With Stephen Curry and Kevin Durant undramatically re-signing with the Warriors, Chris Paul orchestrating his opt-in and trade to the Rockets, and the Pacers preemptively trading Paul George to the Pacers, the 2017 free agency period will be remembered for Gordon Hayward’s three franchise tour and prolonged 4th of July decision to leave the Utah Jazz for the Boston Celtics.

While a clear notch below the perennial All-Star elite, Hayward has become one of the game’s best all-around wings. Hayward ranked 29th in the NBA in Real Plus Minus, a good ranking but perhaps a little lower than expected due to his low usage for a player of his caliber. At the early end of his prime years, Hayward's easily a top-20 player in the NBA at the most coveted position in the game.

Hayward did post career highs in True Shooting Percentage, usage, rebound rate and points per game. Hayward is consistently a high 30 percent three-point shooter and also gets to the line at a really good rate. Hayward is a highly talented offensive player that can score in a variety of ways and consistently gets buckets in the fourth quarter when the game slows down. 

Hayward has also developed into an above average defensive player, both in terms of scheme and in individual matchups. Hayward also has added strength to competently defend certain power forwards to give Utah more optionality to play small.

Utah had two Hayward lineups in the top-8 of the entire NBA in Net Rating and will join another set of excellent role players who can defend, pass and shoot the 3 with the Celtics.

Boston offered Hayward his college coach, a good supporting cast with another excellent individual scorer in Isaiah Thomas, and an infinite number of ways for the roster to get better. Thomas taking the majority of the fourth quarter shots and being a severe liability on defense may have given Hayward reservations, but that was the only obvious negative. This team would have been more dangerous in the short-term and especially the long-term if they would have kept Markelle Fultz and also traded for Paul George while signing Hayward with the expectation of letting Thomas leave in free agency next year.

A small forward depth chart with Hayward, Jaylen Brown, Jayson Tatum and Jae Crowder needs some rebalancing, especially since Al Horford prefers to play power forward, and the only center projected to be on their roster in 17-18 as of right now is Ante Zizic. A trade for Marc Gasol or DeAndre Jordan would make a lot of sense for Boston, who tried to get him in those 2013 Doc Rivers talks. Boston will have an interesting dilemma balancing their desire to compete now while also extending their title window developing high upside younger players and their future draft assets, especially since one of those players could become the true superstar they have lacked, or maybe they could be aggregated out for Anthony Davis next summer.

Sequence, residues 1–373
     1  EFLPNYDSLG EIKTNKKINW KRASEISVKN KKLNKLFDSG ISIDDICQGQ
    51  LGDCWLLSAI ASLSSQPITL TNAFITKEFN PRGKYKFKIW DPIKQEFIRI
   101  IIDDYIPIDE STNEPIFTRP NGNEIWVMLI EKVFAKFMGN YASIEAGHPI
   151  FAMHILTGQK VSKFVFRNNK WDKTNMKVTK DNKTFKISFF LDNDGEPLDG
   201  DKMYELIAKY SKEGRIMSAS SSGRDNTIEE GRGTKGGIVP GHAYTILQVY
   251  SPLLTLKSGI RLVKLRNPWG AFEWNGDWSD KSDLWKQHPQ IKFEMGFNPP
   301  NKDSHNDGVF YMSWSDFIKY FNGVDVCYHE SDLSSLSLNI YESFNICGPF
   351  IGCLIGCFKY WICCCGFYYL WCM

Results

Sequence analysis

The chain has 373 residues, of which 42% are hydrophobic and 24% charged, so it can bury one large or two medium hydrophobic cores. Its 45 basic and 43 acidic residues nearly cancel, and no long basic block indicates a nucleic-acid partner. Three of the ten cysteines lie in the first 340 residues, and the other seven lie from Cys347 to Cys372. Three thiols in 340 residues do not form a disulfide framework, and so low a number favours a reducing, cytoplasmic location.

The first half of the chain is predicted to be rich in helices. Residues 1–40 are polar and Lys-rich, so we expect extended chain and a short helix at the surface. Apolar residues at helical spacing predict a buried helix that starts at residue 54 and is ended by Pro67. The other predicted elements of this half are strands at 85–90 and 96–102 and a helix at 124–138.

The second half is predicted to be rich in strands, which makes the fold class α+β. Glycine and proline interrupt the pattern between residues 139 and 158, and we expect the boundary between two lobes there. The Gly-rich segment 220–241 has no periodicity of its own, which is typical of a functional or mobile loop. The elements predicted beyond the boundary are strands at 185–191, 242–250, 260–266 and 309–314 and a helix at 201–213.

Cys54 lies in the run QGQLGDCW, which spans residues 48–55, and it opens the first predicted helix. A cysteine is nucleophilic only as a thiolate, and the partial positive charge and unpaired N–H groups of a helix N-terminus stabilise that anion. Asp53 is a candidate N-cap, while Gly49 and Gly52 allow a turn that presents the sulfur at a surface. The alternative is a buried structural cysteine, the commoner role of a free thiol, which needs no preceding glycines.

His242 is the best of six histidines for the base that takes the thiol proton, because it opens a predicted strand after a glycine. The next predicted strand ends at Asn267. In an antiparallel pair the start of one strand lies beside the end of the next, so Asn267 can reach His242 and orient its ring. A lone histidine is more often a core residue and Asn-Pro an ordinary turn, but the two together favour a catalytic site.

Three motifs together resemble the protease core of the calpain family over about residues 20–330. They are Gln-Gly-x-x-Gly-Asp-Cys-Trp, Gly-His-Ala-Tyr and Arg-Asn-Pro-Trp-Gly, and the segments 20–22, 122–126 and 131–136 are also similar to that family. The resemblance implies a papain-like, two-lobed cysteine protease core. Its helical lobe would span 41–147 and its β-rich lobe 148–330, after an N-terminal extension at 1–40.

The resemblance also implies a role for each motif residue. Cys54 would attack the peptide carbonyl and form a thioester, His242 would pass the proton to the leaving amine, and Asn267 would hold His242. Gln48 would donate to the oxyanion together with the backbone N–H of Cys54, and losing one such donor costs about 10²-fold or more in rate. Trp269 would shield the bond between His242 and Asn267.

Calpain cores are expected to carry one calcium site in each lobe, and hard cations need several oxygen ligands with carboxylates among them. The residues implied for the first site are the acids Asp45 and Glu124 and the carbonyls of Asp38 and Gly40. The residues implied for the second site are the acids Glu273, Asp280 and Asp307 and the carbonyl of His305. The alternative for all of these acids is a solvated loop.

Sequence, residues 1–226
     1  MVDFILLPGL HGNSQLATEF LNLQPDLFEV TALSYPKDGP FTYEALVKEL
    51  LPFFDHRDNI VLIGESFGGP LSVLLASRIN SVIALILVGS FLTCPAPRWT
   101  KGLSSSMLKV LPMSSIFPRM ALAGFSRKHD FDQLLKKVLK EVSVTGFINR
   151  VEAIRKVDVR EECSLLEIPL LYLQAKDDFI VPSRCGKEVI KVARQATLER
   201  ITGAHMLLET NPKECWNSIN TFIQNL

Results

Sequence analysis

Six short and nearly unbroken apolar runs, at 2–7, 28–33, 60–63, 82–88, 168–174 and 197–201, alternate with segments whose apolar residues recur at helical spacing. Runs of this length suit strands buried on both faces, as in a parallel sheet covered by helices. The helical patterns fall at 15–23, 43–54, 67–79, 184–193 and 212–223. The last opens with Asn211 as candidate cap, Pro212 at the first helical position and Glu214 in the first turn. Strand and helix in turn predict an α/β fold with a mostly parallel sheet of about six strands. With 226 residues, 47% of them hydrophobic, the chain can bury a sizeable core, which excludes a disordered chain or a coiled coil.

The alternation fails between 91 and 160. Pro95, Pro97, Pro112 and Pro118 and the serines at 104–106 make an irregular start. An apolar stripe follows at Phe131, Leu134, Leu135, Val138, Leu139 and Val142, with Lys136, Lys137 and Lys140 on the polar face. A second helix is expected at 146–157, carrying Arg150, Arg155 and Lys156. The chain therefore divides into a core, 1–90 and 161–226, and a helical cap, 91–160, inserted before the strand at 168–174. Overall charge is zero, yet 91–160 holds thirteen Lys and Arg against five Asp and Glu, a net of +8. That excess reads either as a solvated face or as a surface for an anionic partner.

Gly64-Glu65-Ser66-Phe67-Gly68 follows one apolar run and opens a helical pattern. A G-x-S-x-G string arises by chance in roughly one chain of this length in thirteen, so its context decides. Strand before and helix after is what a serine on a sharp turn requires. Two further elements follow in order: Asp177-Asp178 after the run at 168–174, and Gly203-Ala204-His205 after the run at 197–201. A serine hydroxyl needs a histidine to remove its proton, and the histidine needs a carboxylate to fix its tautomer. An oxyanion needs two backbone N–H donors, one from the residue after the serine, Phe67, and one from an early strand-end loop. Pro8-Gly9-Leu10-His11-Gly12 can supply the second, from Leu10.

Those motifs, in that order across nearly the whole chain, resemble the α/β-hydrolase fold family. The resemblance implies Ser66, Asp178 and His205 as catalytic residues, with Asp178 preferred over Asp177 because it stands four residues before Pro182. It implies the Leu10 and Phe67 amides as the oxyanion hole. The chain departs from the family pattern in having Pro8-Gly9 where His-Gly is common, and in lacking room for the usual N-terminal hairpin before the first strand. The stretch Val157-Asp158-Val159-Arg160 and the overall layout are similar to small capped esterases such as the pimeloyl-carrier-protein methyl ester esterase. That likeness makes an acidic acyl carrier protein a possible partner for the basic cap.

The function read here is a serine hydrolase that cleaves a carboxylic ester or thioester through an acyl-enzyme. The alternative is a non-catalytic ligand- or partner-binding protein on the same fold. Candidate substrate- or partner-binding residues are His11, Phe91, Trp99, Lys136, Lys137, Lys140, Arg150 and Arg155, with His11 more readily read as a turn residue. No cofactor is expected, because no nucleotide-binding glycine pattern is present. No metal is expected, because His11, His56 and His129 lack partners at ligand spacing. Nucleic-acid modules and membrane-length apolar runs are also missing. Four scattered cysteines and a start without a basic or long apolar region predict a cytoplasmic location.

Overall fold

Grade for Celtics: A- 

Utah’s decision not to sign Hayward to an extension in 2013, followed by allowing him to sign a three-plus-one with Charlotte in 2014 as a restricted free agent put him back on the market two seasons earlier than he could have and now he’s gone. The Jazz were only about $1 million apart from Hayward during those talks and they now will lose millions in revenue and a ton of wins letting him go in the peak of his prime. 

Now they must reset one of the NBA’s most talented supporting casts with the best defensive center in the league in the Western Conference no less. 

Since the short-sighted handling of Hayward’s restricted free agency, the Jazz were a model franchise in terms of building around a player of his ability. Hayward liked Quin Snyder and the culture of the Jazz, who have an excellent track record in terms of player development and identifying players in the draft. They’ve also consistently done an excellent job maximizing their resources surrounding Hayward, whether it’s trading for George Hill and Boris Diaw and signing Joe Johnson last offseason, then trading for Ricky Rubio this year and trading up for a high upside guard in Donovan Mitchell.

The Jazz with Hayward would probably beat the Celtics with Hayward in a mythical Finals, but it’s infinitely easier for that Boston team to reach the actual Finals in the Eastern Conference, even when factoring in the immovable LeBron James.

Grade for Jazz: B 

Even before the apparently wavering on the final day, or at least long enough to complete his final Players Tribune rewrite, this felt like a legitimately difficult decision for Hayward with three attractive options you can make highly compelling arguments for and against, especially with how the Eastern Conference has become an even weaker conference this offseason. 

The five-year contract versus four-year security was less important for Hayward given his age at 27. There is a reasonable expectation that Hayward will continue to command a five-year or four-year max when he becomes a free agent again, and can now do so again in 2020 with his three-plus-one deal when he can also sign a full 35 percent max.

Hayward could have even gambled on the short-term situation of the Jazz and his ability to qualify for the supermax by making an All-NBA team in 17-18 by signing a one-plus-one contract to re-sign in 2018. 

Hayward's decision had to come down to playing in the Eastern Conference and the seemingly unlimited ways Boston can improve their roster.

Grade for Gordon Hayward: B+